As l'électeur notes, the emphatic ない in 大事【だいじ】ない, 切【せつ】ない, and the like comes from older なし, and is an adjectival suffix indicating "having XX quality or state", where XX is the preceding root word. In terms of meaning, this is definitely not the same nashi as 無し.
There is a growing body of research, including recent works by Bjarke Frellesvig, building on the idea that Old Japanese had a copular verb ぬ. The emphatic ない is probably related to this in some way -- a number of other old root verbs have counterpart adjectives following the same vowel-shift pattern, such as あく > あかい, たく > たかい, なぐ > ながい.
Negative ない appears to have grown out of negative ぬ somehow. Although the exact derivation is unclear, the resources I've looked at (Shogakukan, Daijirin, Daijisen, among others) all agree on this point. Negative ない as a verb ending appears as an eastern-Japanese term from the late Muromachi period.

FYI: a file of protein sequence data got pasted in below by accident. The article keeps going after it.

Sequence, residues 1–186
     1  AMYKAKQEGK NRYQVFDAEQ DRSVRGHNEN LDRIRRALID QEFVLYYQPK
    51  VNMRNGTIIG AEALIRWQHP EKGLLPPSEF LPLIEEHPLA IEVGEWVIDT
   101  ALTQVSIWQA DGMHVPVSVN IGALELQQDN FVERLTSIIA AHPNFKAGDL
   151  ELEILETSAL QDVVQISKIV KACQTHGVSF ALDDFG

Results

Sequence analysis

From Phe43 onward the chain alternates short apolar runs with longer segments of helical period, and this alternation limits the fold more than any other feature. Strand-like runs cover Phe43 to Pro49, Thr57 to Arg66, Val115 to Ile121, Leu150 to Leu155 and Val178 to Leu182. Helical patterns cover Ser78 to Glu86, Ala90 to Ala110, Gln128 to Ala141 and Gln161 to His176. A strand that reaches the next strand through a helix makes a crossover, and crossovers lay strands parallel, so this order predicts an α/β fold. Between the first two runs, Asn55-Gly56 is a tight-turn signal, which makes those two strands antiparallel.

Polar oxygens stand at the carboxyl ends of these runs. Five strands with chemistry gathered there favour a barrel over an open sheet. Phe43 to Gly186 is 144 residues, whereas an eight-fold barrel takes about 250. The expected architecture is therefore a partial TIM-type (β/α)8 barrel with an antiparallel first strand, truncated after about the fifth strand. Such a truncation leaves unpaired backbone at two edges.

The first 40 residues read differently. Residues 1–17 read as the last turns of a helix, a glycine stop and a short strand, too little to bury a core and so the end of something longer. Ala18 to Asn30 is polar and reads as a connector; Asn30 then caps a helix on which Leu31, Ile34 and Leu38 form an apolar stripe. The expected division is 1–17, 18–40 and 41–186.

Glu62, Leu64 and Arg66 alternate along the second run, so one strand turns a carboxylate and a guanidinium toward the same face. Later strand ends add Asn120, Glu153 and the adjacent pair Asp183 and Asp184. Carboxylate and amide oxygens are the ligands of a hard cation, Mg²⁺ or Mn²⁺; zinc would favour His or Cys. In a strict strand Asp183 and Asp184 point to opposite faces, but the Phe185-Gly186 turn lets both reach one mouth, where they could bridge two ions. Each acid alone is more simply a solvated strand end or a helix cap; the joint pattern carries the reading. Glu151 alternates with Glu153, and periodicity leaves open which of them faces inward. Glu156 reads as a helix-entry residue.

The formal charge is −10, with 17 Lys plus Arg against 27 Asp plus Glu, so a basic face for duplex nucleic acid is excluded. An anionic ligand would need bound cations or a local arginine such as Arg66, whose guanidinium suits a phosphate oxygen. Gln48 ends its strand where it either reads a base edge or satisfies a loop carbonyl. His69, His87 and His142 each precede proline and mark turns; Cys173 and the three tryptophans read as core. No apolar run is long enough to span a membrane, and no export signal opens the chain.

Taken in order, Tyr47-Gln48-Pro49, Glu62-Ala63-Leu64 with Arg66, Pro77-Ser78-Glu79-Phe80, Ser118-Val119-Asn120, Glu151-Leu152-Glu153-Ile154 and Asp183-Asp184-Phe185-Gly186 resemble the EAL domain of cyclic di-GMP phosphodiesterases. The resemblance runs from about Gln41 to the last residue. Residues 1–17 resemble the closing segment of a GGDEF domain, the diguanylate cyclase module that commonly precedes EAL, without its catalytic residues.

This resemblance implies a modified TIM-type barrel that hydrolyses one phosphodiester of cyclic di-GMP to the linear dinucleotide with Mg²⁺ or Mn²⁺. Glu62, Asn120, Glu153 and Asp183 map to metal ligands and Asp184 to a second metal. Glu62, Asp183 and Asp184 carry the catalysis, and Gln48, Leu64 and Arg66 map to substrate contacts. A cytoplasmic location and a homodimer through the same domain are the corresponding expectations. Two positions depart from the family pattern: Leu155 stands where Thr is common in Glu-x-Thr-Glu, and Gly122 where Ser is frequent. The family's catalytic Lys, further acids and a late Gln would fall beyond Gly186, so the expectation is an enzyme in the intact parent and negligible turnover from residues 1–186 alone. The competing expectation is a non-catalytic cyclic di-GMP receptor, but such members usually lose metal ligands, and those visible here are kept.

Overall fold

Negative ぬ must follow the incomplete form (未然形【みぜんけい】) of a verb. If it follows the stem or compounding form (連用形【れんようけい】), it instead indicates completion or resulting state -- essentially the same as emphatic ない.
This leads me to think that the negative connotations of ない originally arose from the incomplete or inchoate senses inherent to the incomplete conjugation of verbs. In my own research, it thus appears that negative ない and emphatic ない both arise from this same ぬ copula in Old Japanese.